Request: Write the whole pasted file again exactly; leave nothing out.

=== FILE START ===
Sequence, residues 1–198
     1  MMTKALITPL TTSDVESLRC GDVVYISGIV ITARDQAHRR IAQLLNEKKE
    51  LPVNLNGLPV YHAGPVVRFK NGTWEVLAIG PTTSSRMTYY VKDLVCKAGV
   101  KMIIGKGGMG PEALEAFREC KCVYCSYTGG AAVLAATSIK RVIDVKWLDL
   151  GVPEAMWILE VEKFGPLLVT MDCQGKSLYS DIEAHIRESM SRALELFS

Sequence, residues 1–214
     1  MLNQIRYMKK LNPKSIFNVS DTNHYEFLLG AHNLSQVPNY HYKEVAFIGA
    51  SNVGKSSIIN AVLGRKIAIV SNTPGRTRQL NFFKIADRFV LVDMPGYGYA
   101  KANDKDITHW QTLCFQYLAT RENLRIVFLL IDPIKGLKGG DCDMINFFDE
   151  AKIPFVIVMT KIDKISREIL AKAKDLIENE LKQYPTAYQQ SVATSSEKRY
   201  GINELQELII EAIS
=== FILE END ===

Sequence, residues 1–198
     1  MMTKALITPL TTSDVESLRC GDVVYISGIV ITARDQAHRR IAQLLNEKKE
    51  LPVNLNGLPV YHAGPVVRFK NGTWEVLAIG PTTSSRMTYY VKDLVCKAGV
   101  KMIIGKGGMG PEALEAFREC KCVYCSYTGG AAVLAATSIK RVIDVKWLDL
   151  GVPEAMWILE VEKFGPLLVT MDCQGKSLYS DIEAHIRESM SRALELFS

Sequence, residues 1–214
     1  MLNQIRYMKK LNPKSIFNVS DTNHYEFLLG AHNLSQVPNY HYKEVAFIGA
    51  SNVGKSSIIN AVLGRKIAIV SNTPGRTRQL NFFKIADRFV LVDMPGYGYA
   101  KANDKDITHW QTLCFQYLAT RENLRIVFLL IDPIKGLKGG DCDMINFFDE
   151  AKIPFVIVMT KIDKISREIL AKAKDLIENE LKQYPTAYQQ SVATSSEKRY
   201  GINELQELII EAIS